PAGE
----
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Is current management of neonatal jaundice evidence based?
  1. M S Skae,
  2. J Moise,
  3. P Clarke
  1. Hope Neonatal Unit, Hope Hospital, Salford, Manchester M6 8HD, UK
  1. Correspondence to:
    Dr Skae
    Royal Manchester Children’s Hospital, Hospital Road, Pendlebury, Manchester M27 4HA, UK; theskaesyahoo.co.uk

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Jaundice is the most common medical problem affecting babies in the first week of life. Phototherapy was introduced as a treatment for jaundice in 1958,1 and its widespread use has reduced the need for exchange transfusion. Bilirubin charts or mathematical formulae based on gestation may be used to guide treatment decisions for hyperbilirubinaemia. We were interested in current practices and recently surveyed the management of jaundice in our region.

The North of England has 64 medical neonatal intensive and special care units. In October 2003, we posted a questionnaire to a lead paediatrician at each unit to enquire about local guidelines and evidence for their management of jaundice. We sent a further questionnaire by electronic mail to 36 units that did not initially respond. A total of 40 responses (65%) were received. Table 1 summarises the results.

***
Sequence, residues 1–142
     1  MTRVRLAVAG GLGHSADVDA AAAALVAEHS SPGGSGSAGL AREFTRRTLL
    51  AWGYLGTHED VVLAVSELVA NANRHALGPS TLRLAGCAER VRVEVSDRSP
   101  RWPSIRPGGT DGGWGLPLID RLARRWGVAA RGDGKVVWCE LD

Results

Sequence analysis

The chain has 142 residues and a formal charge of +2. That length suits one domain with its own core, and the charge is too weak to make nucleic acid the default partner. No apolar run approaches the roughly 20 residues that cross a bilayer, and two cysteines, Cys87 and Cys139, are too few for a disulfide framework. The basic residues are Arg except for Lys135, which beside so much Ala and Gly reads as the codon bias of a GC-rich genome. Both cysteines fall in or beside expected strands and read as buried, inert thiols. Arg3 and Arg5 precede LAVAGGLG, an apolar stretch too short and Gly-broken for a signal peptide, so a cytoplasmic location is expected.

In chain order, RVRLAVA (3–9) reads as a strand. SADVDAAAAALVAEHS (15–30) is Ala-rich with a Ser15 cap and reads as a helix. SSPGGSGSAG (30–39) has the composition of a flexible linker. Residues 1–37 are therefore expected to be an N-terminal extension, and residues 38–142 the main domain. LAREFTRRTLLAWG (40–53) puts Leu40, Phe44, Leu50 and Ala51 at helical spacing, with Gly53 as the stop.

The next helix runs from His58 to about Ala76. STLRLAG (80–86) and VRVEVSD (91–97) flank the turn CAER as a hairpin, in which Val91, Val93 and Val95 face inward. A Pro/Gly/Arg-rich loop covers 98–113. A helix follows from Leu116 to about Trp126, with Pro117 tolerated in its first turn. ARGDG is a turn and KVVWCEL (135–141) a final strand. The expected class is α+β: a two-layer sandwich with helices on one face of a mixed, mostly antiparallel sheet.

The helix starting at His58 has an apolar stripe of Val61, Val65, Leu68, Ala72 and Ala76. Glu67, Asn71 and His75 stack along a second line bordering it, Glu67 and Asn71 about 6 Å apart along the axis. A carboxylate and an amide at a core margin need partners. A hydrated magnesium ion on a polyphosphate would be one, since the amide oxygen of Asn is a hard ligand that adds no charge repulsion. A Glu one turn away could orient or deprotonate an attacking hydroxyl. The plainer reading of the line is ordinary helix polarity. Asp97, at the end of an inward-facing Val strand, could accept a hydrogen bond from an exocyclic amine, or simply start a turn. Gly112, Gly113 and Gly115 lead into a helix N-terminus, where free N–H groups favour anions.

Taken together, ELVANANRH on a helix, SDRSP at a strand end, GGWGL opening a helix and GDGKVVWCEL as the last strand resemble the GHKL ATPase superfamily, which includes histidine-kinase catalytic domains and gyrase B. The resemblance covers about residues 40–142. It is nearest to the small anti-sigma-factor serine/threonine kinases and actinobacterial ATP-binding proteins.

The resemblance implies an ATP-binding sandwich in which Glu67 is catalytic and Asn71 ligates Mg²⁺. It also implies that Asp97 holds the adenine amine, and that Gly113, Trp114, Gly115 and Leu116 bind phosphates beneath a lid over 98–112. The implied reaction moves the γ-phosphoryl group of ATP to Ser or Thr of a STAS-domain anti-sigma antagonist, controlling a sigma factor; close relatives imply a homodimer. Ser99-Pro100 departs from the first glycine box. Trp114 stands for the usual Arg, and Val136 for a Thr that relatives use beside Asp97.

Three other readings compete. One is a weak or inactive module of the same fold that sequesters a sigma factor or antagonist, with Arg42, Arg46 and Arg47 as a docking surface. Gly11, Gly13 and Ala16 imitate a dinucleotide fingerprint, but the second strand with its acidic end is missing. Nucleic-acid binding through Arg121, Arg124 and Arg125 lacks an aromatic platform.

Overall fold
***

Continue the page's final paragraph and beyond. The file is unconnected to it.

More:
Table 1

 Methods used in hyperbilirubinaemia management decisions

Of units that responded, we found that 90% (36/40) used bilirubin charts to guide management. Only four (11%) were able to offer evidence to support the use of their charts, and 20 (55%) did not know the origin of their charts. Thirty eight units (95%) had specific treatment considerations for preterm or low birthweight infants using formulae or special charts. Fifteen different bilirubin charts were submitted to the survey. Of these, only three have been published.2–4 The remaining 12 were self derived or of unknown origin.

Our survey shows considerable variation in local protocols and a lack of consensus in the current management of jaundice. Apart from the epidemiological decline in the incidence of kernicterus, there is little evidence to support current treatment regimens. It is conceivable that many infants are being overtreated. With the current drive towards evidence based practice, we recommend further analysis of the optimal management of neonatal jaundice and a move towards standardised guidelines.

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